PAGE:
2)create a 512x512x512 cube textured with the skip texture some where outside your map. This will help you considerably later.

3)select the sky_camera, the cube you just made, all of the outside walls of your map, and anything else that you may need to know where is when making the skybox. (note Do not select props these cant be moved into the skybox. if the prop’s model has a skybox version you can switch the prop with the skybox version but do that later…

4)duplicate it, you can do this by copying it. then pasting it in place using pate special (CTRL+SHIFT+V)

5)open up the transformation window(CTRL+M) select scale and enter 0.0625 for X Y and Z. This will shrink the blocks to the size of the skybox.

6)move the blocks to where you want the skybox to be, I usually like it in a place where it doesn’t overlap any of the map. in the 2d views.

7)apply the skip texture to all the brushes you have selected.

8)delete the duplicate sky_Camera in the game map(not the one in the skybox!)

and your done, well not done, but you have the frame of the outside edge of the map. From here you can start to map out the skybox with these brushes as reference to the map. remember the skybox is 1/16th the size of your normal map. So the scale of the textures has to be very small. 0.015625 is the 1/16th scale of the default .25 scale texture

Now if you need to move something from the skybox into the game map or vice versa that 512 block helps. whenever you need to move anything just select the block with whatever you wanted. resize it, Then align the block over its larger or smaller counterpart. This is place the item exactly where it should be in the game map or skybox.

CAUTION: Never place anything in the skybox that would be inside the map.  It can cause errors with lighting.

Step 7:Lighting
“make sure its pretty”

Lighting is one of the most important parts of a map. It’s also one of the most annoying if you have to change a large part of the map. That’s why I generally do lighting last. Lighting in itself makes the difference from an ok looking map to a great looking map. Things lighted just right can really stand out and show your skill at a map maker. There are many lights Including some quirky ones like light emitting  textures dynamic lights and sprites. But generally there are 3 lights.

this is the basic light entity, It will emit light in all directions from wherever its placed. very effective for quickly lighting a dark room.

This is a spotlight, instead of it emitting light in all directions, It only emits it in one direction in a cone shape that is modifiable. These are good for simulating the light from overhead lamps.

It’s the Sun! or rather Its sources sunlight simulator. each entity is like its own sun, This one can be a bit tricky at first. since it does a few strange things to better simulate sunlight.  First  the position of it doesn’t matter however the angle is what it uses to find what angle you want the sunlight to come down from. secondly the light shines through the 3d skybox first then into the map. So Everywhere you have sky box texture its like its open sky. and if you have a huge tower in the skybox it can cast a shadow in the game.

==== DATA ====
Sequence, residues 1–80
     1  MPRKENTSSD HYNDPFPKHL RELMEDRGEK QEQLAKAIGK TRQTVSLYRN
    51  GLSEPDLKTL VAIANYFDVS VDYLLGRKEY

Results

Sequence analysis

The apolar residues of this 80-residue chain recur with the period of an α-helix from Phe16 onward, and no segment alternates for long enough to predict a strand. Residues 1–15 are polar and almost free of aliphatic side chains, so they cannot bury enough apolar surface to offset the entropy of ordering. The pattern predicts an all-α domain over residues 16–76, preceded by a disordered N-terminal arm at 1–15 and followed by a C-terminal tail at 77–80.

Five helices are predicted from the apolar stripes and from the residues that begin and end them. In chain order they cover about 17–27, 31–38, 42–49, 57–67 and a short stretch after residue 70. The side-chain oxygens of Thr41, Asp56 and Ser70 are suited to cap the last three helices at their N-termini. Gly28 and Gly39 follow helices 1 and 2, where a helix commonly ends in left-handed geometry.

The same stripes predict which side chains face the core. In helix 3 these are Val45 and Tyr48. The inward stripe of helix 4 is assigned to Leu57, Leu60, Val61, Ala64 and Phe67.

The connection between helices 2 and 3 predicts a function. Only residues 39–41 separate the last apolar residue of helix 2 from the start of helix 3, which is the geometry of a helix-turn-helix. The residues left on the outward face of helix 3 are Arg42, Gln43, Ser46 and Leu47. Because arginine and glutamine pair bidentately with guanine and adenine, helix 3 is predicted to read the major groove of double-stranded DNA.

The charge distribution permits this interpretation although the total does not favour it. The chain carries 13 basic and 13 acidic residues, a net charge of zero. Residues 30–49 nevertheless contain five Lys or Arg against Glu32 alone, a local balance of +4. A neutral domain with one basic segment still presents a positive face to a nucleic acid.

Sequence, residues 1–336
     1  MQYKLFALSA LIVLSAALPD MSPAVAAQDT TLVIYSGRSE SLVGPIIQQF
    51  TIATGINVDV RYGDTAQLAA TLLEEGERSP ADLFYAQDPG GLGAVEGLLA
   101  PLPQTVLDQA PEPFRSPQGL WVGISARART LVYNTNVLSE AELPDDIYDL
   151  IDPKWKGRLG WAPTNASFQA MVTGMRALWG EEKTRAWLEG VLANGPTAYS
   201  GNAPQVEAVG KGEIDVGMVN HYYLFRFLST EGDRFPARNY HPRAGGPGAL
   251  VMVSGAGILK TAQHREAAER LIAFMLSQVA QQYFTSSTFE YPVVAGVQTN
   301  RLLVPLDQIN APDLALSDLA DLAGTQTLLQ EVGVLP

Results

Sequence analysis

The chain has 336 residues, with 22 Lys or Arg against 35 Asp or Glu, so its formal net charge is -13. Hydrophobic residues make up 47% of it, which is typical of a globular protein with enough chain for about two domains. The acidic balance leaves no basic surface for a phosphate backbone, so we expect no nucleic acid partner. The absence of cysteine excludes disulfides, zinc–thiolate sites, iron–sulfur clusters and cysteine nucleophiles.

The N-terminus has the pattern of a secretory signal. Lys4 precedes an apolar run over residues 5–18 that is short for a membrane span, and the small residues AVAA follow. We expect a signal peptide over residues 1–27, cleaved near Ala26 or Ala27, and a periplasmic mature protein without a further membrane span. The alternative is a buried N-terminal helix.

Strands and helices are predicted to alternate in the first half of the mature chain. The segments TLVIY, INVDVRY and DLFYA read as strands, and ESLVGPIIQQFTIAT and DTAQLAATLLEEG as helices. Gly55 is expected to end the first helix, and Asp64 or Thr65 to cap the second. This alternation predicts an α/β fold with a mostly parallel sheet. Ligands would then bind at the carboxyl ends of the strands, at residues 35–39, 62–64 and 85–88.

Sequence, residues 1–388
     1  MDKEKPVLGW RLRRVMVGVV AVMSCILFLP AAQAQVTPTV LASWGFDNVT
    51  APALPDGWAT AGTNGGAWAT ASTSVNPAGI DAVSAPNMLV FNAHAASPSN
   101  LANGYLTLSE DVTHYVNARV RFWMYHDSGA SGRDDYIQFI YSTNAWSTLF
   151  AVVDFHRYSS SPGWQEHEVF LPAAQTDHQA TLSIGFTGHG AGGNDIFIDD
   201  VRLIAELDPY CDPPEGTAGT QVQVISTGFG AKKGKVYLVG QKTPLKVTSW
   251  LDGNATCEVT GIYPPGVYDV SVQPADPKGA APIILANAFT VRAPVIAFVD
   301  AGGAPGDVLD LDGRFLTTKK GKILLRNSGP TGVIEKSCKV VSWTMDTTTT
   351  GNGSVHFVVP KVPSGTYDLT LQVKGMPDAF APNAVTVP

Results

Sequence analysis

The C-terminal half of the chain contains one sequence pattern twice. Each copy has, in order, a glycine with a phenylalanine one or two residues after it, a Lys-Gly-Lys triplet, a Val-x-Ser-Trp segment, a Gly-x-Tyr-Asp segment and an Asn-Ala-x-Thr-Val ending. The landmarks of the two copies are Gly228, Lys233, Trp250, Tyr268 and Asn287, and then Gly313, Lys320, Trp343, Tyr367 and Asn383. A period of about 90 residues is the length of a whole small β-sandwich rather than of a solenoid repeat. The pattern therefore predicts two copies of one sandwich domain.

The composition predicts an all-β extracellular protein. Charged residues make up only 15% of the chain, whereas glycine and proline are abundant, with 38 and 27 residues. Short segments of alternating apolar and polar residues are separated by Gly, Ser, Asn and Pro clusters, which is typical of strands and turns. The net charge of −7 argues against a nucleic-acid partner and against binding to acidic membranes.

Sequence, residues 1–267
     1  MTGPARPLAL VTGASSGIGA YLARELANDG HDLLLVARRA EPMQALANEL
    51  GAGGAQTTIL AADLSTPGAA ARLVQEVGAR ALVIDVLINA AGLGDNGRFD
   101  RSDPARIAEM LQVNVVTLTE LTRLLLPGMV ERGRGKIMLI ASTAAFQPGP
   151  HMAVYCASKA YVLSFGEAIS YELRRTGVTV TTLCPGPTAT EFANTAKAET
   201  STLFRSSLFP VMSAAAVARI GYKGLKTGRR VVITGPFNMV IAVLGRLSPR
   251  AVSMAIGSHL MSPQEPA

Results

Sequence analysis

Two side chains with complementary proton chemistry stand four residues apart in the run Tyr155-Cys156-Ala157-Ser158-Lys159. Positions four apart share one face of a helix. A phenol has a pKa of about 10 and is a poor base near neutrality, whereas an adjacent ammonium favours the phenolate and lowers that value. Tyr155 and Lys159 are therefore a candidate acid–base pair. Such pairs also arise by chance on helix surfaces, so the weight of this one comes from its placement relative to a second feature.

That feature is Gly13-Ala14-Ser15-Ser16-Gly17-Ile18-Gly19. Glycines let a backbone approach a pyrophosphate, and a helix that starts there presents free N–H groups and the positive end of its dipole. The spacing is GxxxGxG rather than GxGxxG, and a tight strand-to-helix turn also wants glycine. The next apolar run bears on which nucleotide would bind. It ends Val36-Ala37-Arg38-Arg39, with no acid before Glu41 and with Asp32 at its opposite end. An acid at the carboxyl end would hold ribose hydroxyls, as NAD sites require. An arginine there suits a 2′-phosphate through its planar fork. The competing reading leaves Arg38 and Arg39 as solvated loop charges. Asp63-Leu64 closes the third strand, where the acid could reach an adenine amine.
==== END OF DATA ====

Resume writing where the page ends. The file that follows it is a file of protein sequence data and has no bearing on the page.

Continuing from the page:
lighting in itself is an art, and you may be surprised that you can easily get into getting a light to be just right.

the main things you need to be worried about are:
1)can people see? Is it too bright or too dark? note some games you want it to be dark in some spots. while in others you want no dark shadows anywhere.

2)Directing the player. In maps a light can be helpful in giving the player a “this way” tip on where to go. make routes you want the player to take brighter, and dead ends and other bad paths darker. this is seen en mass in Left for dead that practically uses light every 3 feet to lead the survivors to safety.

3)Combat areas are lit. no one wants to fight in the dark. Make sure all areas that you believe the majority of combat to happen are bright. Corners, objectives, choke points. light them.

Dark spots Aren’t bad, but you must realize anyone can hide in them. and in many games that gives them enough of a chance to ambush everyone passing by.  Check the style of the game your mapping for. Do they have dark spots on the map? For instance have you ever seen a spot on any official Team fortress 2 map that was dark enough that you couldn’t tell what team you a person hiding there was on?

cubemaps are Needed for anything shiny, they are basically used a point reference for a full 360 picture of the area that is stitched together and placed into the texture to make it look shiny.  for alpha you only need a few(even one will be fine), However once you are nearing completion you will need cube maps everywhere. Just dont go overboard, depending on the setting’s cube maps can take up a lot of space on the final size of your map.

for more info on lighting techniques see the guide on the SDK wiki

Step 8:Check #3

Yes, once again we come to another check. At least this time its the final one. well final one for this tutorial. Now that you have lighting and a skybox on your map At least at this point you can take a few liberties. First if you haven’t touched any of the outside brushes since the last check you can just skip the leak check. Although doing it for good measure doesn’t hurt. Still check for errors using ALT+P. Now We are finally going to run the map fully. so Run the map. (F9) and check normal for all 3 and let it go(I still don’t suggest auto-starting the game). Depending on how many lights you placed and how well you optimized It can take anywhere from 2 minutes to 15 minutes. Any longer and you likely either crashed or your map is not optimized enough and You need to go back to step 4. If everything went through check the log for any errors or warnings.

ah but what if it doesn’t work? I know of several things that can cause the compiler to bug up and crash.

1)If you ever see a window error failure to copy file, this means the map was compiled however when it came to copy it to the map folder the Compiler couldn’t find it. Most of the time it means nothing and the program just had a sudden case of explosive amnesia. If it happens more than once however you may have the location of your game folder wrong in the preferences.